Helping someone in recovery from alcohol use disorder can be challenging, but it can also be a rewarding experience. The key is to provide support and encouragement, while also setting boundaries to maintain your own well-being. 

Here are some tips and resources for helping someone in recovery:

Encourage professional help

Encourage your loved one to find professional help to treat their AUD. If your loved one is ready for a change, one big way that you can help them is by assisting them in finding a suitable treatment option. New innovations in technology mean that your loved one can access treatment from the comfort of their own home through telemedicine. 

Learn more about how to help someone find treatment.

Practice empathy and understanding

Recovery from alcohol use disorder is an ongoing process. In fact, recovery from any kind of addiction will inevitably involve some setbacks and relapses. Practice empathy, patience, and understanding with your loved one and know that this is all part of the process. 

Understand what recovery looks like

It’s important to know what to expect when a loved one is in recovery. Recovery has many different phases and your loved one won’t return to normal overnight. Instead, your loved one might go through several stages of withdrawal and detox as alcohol leaves their system. Your loved one might also experience challenging emotions and memories as they recover and detox from alcohol. Know what to expect and adjust your expectations accordingly.

Learn more about long-term recovery from alcohol addiction

Create supportive environments

Help your loved one by creating supportive environments and avoiding situations or activities that could trigger the individual’s urge to drink. This can include avoiding alcohol in social situations and instead opting for non-alcoholic beverages. You can also encourage others within your social circle to do the same.

Educate yourself about Alcohol Use Disorder

Educating yourself about AUD can be an important step in supporting someone in recovery. Understanding the nature of AUD and the challenges they may face can help you provide better support and encouragement. Reading books, attending support groups, or speaking with a healthcare professional are all ways to gain a deeper understanding of AUD and the recovery process.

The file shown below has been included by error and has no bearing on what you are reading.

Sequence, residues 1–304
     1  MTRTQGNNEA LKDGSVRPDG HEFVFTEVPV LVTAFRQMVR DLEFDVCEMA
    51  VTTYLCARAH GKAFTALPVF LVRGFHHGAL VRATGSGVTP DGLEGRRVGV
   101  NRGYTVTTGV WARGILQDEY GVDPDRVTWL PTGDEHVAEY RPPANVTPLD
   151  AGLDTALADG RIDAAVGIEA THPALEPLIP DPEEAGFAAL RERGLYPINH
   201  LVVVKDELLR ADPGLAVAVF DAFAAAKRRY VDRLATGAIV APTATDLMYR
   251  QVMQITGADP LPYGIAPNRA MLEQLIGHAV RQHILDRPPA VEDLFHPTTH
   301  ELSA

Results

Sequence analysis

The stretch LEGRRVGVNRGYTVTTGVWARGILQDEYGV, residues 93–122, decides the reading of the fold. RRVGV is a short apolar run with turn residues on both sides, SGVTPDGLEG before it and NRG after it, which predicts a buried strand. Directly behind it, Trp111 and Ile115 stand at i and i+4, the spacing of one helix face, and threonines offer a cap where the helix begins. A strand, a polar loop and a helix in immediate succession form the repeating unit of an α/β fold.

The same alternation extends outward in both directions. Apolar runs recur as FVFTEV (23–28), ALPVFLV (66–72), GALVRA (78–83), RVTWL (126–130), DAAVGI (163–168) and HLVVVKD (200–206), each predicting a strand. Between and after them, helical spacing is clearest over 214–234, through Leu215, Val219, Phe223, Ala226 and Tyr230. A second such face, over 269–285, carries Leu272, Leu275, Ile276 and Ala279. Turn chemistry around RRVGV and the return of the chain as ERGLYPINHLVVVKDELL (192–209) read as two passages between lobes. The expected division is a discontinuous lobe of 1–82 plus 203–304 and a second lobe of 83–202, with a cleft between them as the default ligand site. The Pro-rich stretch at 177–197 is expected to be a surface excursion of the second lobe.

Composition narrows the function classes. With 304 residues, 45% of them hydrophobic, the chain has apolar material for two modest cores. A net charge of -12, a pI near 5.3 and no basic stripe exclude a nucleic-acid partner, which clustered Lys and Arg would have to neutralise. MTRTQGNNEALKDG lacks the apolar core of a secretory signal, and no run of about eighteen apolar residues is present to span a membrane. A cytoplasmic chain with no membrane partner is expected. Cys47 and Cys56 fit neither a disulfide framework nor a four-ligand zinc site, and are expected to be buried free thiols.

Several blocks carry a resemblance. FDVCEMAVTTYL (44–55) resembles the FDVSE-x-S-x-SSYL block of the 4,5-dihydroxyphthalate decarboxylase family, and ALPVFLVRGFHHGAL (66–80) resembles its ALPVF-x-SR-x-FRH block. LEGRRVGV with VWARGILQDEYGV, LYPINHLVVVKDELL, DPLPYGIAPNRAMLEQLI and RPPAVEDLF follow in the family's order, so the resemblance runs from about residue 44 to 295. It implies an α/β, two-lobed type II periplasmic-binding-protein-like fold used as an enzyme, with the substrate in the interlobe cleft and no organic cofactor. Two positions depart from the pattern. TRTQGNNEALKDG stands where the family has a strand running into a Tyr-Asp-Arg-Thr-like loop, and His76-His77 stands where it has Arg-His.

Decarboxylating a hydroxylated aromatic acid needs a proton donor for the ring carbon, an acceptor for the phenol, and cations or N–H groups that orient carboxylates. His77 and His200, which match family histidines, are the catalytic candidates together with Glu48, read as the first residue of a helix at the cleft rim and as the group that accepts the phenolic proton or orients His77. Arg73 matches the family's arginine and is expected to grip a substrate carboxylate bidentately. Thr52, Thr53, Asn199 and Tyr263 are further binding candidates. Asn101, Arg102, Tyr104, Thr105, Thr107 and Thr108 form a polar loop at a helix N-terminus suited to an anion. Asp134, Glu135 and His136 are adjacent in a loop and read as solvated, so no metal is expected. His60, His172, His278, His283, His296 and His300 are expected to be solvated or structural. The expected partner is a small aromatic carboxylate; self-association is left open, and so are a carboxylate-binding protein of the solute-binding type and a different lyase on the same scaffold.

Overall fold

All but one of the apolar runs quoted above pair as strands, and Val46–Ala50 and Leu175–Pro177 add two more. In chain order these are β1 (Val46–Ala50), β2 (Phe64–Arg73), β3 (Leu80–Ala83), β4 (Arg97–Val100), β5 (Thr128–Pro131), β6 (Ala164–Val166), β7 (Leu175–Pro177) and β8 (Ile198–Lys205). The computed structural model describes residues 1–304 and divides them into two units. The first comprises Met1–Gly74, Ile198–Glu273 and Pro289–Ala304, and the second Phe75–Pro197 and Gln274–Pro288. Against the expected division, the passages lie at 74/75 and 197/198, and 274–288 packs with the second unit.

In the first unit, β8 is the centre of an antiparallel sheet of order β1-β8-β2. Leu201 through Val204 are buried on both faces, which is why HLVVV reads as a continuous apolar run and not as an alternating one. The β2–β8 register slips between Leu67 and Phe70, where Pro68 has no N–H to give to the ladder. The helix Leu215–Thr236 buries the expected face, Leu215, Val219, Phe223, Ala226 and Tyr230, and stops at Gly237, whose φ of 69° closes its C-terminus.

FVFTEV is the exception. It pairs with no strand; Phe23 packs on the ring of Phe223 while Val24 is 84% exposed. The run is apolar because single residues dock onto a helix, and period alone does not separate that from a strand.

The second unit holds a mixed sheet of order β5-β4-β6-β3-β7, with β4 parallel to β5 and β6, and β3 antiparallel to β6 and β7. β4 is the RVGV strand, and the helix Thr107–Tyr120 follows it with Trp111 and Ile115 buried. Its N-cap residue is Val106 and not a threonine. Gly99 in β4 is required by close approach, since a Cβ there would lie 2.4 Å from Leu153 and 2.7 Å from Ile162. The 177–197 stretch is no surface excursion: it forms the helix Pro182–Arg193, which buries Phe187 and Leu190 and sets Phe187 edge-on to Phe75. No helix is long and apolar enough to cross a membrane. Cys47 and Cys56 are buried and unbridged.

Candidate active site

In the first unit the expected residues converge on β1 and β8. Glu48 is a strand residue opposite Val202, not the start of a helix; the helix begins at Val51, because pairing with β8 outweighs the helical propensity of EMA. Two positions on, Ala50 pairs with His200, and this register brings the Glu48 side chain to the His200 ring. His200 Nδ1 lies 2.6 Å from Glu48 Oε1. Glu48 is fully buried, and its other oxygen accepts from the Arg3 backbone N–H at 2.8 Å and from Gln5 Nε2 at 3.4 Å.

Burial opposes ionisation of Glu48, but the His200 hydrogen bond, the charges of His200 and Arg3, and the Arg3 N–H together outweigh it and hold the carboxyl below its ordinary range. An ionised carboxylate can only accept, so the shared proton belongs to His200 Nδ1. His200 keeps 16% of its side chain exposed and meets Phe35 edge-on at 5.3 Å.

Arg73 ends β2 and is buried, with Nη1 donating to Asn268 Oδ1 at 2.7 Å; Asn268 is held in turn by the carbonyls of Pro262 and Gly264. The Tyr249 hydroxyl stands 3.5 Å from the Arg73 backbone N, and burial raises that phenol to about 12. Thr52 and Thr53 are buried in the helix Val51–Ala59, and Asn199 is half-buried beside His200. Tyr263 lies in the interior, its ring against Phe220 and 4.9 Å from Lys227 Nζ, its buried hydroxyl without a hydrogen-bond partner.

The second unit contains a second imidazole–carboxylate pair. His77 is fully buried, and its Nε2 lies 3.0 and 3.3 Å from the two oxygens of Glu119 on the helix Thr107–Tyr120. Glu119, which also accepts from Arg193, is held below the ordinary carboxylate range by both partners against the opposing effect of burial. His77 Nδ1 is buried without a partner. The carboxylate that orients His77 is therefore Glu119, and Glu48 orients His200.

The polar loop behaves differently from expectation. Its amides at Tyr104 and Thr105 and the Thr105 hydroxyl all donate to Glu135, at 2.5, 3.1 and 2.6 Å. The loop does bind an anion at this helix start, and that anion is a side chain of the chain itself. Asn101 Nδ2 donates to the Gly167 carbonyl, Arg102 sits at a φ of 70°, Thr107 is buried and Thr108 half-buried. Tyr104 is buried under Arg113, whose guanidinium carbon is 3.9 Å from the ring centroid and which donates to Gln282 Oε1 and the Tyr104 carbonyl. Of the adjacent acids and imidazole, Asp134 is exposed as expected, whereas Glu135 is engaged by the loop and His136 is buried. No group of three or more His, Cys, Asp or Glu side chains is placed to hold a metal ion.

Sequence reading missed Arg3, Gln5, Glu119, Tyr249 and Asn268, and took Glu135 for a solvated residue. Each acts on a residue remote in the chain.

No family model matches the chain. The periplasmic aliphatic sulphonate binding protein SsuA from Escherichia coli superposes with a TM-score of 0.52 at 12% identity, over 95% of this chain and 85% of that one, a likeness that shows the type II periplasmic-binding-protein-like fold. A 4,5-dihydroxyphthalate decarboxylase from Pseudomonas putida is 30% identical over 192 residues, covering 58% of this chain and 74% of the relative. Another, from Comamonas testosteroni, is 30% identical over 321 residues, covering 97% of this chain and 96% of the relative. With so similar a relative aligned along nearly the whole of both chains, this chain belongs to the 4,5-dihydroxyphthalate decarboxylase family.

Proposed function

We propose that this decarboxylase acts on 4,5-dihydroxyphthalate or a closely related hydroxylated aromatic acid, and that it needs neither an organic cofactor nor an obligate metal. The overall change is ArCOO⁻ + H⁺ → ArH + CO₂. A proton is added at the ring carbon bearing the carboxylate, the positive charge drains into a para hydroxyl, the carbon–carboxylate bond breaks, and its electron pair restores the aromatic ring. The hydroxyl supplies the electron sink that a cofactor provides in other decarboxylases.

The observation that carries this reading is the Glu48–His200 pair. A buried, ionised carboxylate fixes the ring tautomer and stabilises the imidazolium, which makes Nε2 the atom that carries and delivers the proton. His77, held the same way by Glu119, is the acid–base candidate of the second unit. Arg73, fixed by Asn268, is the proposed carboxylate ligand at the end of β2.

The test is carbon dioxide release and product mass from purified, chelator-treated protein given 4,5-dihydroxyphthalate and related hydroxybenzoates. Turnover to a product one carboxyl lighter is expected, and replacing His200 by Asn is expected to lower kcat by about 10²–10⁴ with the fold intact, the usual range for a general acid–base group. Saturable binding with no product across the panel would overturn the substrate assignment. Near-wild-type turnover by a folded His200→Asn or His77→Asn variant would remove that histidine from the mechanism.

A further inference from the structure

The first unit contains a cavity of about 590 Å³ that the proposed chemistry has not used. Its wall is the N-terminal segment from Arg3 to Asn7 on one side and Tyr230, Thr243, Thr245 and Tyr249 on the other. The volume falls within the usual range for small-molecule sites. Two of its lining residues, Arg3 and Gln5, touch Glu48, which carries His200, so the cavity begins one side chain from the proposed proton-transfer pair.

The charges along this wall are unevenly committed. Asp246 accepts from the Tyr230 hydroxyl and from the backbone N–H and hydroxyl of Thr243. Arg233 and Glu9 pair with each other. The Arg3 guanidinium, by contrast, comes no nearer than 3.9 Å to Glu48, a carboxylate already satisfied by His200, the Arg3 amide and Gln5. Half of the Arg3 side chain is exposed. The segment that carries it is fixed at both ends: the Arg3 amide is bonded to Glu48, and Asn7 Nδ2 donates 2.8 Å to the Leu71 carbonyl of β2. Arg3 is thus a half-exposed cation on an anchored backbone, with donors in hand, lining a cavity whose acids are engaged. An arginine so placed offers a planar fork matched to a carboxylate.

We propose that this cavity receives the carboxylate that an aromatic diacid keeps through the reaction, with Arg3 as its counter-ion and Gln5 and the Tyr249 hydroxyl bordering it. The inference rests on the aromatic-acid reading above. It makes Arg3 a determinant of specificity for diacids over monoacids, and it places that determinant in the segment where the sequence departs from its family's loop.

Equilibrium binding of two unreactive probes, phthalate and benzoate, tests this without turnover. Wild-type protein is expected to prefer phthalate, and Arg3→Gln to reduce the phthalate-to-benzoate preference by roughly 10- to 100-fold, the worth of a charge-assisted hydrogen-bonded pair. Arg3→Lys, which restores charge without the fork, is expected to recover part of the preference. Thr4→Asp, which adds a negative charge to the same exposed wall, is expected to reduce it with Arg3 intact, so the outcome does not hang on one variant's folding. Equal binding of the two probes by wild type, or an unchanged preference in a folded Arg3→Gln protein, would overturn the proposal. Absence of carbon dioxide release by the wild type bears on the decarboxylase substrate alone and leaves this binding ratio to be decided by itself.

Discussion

Is your loved one ready to get help for their alcohol use?
Help them get started with Ria's online treatment program today

Setting Limits and Practicing Self-Care

When helping someone in recovery from AUD, it can be all too easy to focus so much on your loved one that you neglect caring for yourself. It’s crucially important that you set appropriate boundaries, make space for yourself, and practice self-care. This can help you better support your loved one’s recovery and prevent you from becoming overwhelmed and burnt out.

Consider the following practices to prioritize your own self-care and boundaries:

  • Set explicit expectations: Be clear about what you expect from your loved one, including attending therapy appointments, recovery meetings, etc. You might also set a boundary that you will not cover for your loved one when they make a mistake, but instead will let them deal with the consequences.
  • Prioritize your own health: It’s all too easy to neglect your own health when you’re caring for someone else. Prioritize your health by practicing stress management techniques, exercising regularly, eating a well-balanced diet, and getting enough sleep.
  • Maintain social connections: Spending time with friends and family, or participating in hobbies and activities, can provide a much-needed break and help reduce stress. Be sure to maintain your connections and lean on them for support when you need it.
  • Ask for help: None of us can do it all alone. Be sure to ask for help when you need it, whether from friends, family, or a therapist. Working with a therapist can help you cope with the challenges of supporting a loved one in recovery.

Continue reading:

How To Help a Parent With Alcohol Use Disorder

What To Do if Your Child Has a Drinking Problem

Is your loved one ready to make a change?

Get in contact with a compassionate member of our team today, or help them sign up for our online alcohol treatment program.

Is My Drinking Normal?

Take our short alcohol quiz to learn where you fall on the drinking spectrum and if you might benefit from quitting or cutting back on alcohol.